Long-Term Anticoagulation in Kawasaki Disease: Initial Use of Low Molecular Weight Heparin is a Viable Option for Patients with Severe Coronary Artery Abnormalities
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Patients with severe coronary artery involvement after Kawasaki disease (KD) require long-term systemic anticoagulation. We sought to compare our experience with thrombotic coronary artery occlusions, safety profile, and degree of coronary artery aneurysm regression in KD patients treated with low molecular weight heparin (LMWH) versus warfarin. Medical records of all KD patients diagnosed between January 1990 and April 2007 were reviewed. Of 1374 KD patients, 38 (3%) received systemic anticoagulation, 25 patients received LMWH from diagnosis onward, 12 of whom were subsequently switched to warfarin, and 13 received warfarin from onset. The frequency of thrombotic coronary artery occlusions was similar between drugs. Severe bleeding was more frequent in patients on warfarin, but minor bleeding was more frequent for patients on LMWH. Patients on warfarin were at greater risk of underanticoagulation or overanticoagulation (defined as achieving an anti-activated factor X level or an international normalized ratio below or above target level) than patients on LMWH (P < 0.05). Maximum coronary artery aneurysm z-scores diminished with time for patients on LMWH (P = 0.03) but not for those on warfarin (P = 0.55). This study suggests that LMWH is a potentially viable alternative for patients, especially young ones, with severe coronary artery involvement after KD.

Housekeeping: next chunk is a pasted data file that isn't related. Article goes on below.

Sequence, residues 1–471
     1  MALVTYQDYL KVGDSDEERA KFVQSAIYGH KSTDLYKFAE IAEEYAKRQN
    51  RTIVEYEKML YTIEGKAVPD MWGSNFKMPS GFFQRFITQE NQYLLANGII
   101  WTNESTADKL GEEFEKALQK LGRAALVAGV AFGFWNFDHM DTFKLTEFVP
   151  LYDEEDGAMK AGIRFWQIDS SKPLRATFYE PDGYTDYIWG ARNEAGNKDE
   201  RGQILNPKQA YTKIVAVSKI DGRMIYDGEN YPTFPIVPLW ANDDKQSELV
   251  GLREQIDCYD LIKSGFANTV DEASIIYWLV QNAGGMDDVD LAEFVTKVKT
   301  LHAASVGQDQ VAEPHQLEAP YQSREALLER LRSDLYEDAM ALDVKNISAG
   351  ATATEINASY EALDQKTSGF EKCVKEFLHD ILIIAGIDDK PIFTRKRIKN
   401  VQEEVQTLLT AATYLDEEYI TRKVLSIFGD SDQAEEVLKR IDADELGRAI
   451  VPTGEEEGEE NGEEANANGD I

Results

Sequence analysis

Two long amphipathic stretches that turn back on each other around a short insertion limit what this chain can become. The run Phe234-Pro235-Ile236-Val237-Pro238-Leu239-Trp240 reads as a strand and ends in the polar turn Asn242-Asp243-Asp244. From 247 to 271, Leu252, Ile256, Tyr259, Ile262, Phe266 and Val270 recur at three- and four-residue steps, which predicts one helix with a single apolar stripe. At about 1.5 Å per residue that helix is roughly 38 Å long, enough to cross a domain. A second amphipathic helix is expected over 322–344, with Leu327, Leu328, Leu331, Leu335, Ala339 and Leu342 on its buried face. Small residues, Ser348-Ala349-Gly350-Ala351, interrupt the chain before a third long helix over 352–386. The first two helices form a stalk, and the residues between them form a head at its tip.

KeywordsAnticoagulants Coronary disease Kawasaki disease Pediatric Thrombosis
This study was supported by the CIBC World Markets Children’s Miracle Foundation Chair in Child Health Research (BWM).
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